Category: animals, anxiety, autism, death, emotions, event, favourites, food, meltdowns, mental health, music, university, writing Tagged: 30 day challenge, 30dayfeb, asd, assessment, assessments, autism, autism spectrum disorder, baby loss, baby loss awareness, bad night, bbc introducing, bbc introducing south, befries, bereavement, cheer, clarity, clarity music video, disabled student allowance, dog, dsa, dsa assessment, election, england, exams, favourite music, friend, friends, gig, grammys, grammys 2020, halsey, honest, honest ep, loss, lover, luce barka, luce barka music, manic, masters, masters degree, masters degree in songwriting, meltdown, meltdowns, mindfulness, music, my music, natalie hemby, netflix, origami, pet, presentation, radio, richard marc, richard marc music, sara bareilles, she used to be mine, show, songwriting, spotify, stress, taylor swift, tommy's, track of the day, uk, university, waitress the musical, wellbeing
Posted on July 11, 2018
From the age of about two years old, I’ve been going to a little town in Norfolk almost every year on holiday. While I was in school, we – me, my parents, and our dog – would go during the October half term but in recent years, we’ve been going in the early summer, before the schools break up. We stay in a caravan less than a ten-minute walk from a stunning sandy beach and I absolutely love it.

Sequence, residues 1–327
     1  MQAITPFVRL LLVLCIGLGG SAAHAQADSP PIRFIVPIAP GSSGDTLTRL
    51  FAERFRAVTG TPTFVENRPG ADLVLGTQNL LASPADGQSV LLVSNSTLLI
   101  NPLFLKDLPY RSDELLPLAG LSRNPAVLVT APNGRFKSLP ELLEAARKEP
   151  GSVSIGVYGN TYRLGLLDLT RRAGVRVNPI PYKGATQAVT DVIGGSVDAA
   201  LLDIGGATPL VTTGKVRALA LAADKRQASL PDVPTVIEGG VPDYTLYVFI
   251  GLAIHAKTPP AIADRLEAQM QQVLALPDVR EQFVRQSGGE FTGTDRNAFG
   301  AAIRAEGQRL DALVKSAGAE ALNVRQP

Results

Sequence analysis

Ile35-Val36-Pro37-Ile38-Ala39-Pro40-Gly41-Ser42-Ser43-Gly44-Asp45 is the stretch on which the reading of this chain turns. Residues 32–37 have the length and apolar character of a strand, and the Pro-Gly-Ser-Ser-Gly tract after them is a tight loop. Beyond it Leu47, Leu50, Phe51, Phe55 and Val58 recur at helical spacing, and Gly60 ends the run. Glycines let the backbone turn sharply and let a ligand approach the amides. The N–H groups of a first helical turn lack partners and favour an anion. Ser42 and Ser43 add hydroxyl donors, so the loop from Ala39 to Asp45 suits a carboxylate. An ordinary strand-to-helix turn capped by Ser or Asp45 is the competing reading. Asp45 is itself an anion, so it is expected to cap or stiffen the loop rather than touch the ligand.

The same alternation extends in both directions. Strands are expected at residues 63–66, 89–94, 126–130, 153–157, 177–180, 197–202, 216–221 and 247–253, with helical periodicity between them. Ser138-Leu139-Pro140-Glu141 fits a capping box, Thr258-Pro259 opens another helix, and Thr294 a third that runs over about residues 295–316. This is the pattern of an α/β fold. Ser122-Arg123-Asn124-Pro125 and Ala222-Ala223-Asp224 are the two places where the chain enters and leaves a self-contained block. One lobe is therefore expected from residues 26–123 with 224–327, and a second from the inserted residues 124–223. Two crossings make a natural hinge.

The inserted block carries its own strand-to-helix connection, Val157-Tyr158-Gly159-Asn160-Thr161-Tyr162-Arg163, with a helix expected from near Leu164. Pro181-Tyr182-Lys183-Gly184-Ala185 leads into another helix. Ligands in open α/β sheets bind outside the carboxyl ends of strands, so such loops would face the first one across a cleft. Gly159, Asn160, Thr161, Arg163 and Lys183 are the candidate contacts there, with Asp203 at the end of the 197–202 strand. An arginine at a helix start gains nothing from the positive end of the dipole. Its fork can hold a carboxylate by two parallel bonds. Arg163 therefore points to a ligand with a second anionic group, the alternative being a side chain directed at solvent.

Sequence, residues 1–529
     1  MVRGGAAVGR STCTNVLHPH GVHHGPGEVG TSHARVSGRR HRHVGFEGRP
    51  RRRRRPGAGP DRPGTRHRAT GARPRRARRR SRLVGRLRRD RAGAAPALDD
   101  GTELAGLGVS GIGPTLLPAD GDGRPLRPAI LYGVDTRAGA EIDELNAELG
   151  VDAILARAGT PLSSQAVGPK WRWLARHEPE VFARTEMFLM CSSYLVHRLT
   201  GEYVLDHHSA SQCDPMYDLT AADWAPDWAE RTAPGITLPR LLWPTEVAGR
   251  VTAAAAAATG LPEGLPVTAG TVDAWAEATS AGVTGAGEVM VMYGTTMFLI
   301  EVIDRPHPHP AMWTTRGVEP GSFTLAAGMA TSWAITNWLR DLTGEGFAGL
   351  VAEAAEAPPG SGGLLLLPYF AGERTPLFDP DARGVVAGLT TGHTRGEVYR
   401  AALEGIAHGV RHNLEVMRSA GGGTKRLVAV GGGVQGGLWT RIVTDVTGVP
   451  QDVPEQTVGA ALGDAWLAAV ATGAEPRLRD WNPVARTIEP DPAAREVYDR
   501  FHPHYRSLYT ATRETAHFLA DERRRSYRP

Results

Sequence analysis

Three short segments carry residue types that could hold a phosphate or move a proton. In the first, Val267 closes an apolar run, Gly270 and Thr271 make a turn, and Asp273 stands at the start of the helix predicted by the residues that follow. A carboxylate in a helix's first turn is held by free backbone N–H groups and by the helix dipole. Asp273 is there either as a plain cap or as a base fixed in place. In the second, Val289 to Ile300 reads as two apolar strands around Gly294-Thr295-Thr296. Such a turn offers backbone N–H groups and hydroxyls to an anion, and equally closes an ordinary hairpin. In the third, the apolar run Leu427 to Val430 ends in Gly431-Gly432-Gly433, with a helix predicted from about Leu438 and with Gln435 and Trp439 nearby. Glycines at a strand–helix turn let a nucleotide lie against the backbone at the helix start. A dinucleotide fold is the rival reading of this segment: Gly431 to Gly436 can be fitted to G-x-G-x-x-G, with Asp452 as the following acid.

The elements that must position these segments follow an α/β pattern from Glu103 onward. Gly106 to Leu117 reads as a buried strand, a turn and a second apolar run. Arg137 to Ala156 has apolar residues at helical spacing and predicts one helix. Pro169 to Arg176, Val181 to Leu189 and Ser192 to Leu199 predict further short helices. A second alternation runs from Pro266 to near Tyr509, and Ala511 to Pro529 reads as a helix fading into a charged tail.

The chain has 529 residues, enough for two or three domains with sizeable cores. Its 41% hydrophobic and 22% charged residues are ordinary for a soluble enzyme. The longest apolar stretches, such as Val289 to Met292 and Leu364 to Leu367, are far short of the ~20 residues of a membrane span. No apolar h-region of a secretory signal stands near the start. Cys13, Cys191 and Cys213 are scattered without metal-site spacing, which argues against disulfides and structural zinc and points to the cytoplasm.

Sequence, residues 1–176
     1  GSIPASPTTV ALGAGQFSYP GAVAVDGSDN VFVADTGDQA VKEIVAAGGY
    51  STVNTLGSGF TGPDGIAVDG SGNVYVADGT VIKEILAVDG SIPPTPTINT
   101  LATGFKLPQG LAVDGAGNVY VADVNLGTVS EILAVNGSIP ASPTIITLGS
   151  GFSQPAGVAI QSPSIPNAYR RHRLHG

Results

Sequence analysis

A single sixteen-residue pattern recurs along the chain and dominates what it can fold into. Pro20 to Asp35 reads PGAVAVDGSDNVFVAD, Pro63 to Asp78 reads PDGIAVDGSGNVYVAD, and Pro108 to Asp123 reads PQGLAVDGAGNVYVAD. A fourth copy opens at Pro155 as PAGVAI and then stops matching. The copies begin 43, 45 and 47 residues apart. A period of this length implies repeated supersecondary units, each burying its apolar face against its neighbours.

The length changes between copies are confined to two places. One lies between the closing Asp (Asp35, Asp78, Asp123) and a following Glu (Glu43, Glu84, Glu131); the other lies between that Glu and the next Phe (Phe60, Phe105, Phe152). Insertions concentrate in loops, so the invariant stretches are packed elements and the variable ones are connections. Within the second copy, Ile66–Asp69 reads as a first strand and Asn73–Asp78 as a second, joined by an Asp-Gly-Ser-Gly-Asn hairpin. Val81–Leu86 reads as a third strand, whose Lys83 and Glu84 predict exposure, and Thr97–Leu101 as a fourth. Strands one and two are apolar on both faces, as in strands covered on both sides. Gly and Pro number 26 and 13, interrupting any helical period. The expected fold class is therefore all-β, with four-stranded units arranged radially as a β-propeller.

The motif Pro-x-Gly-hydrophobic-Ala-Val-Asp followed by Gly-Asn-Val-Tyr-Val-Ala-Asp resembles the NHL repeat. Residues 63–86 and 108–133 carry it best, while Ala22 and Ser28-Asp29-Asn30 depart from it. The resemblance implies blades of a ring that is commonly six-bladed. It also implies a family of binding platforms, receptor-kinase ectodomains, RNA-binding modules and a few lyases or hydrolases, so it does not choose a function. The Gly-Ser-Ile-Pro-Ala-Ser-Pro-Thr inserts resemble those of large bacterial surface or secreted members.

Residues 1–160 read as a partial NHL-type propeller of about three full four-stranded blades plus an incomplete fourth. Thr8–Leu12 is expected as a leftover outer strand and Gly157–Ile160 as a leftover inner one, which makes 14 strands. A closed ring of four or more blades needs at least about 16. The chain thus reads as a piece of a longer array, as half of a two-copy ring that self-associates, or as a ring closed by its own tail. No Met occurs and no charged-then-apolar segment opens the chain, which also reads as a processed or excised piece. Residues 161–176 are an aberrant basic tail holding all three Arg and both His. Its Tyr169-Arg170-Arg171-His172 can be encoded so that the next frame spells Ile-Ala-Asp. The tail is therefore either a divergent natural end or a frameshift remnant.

Some people find it strange that we always go back to the same place but as far as I can tell, there are two basic types of holidays: going to explore and going to relax. Both have their pros and cons. This is definitely a relaxation holiday. It’s familiar and calm and beautiful. It’s a bubble away from reality where I can just be, in a way I can’t at home. And, of course, familiarity and Autism go together like fish and chips. We also ate a lot of fish and chips…
I’ve been back from Norfolk a few days and I just really wanted to write about it. After having had so much change with the house move, the changing of medications, and the decision to keep my cat’s kittens, it was really nice to be somewhere so familiar and safe. And as much as I love the cats, I really enjoyed having some dedicated dog time with Lucky. Because he’s now so arthritic, we have to be careful to not over walk him (his enthusiasm far exceeds his physical ability so he’s not much help there) but we manage a couple of trips to the beach, which he loved. He can’t really run anymore but there was a fair amount of skipping, one sure-fire way to know he’s enjoying himself. It’s very cute.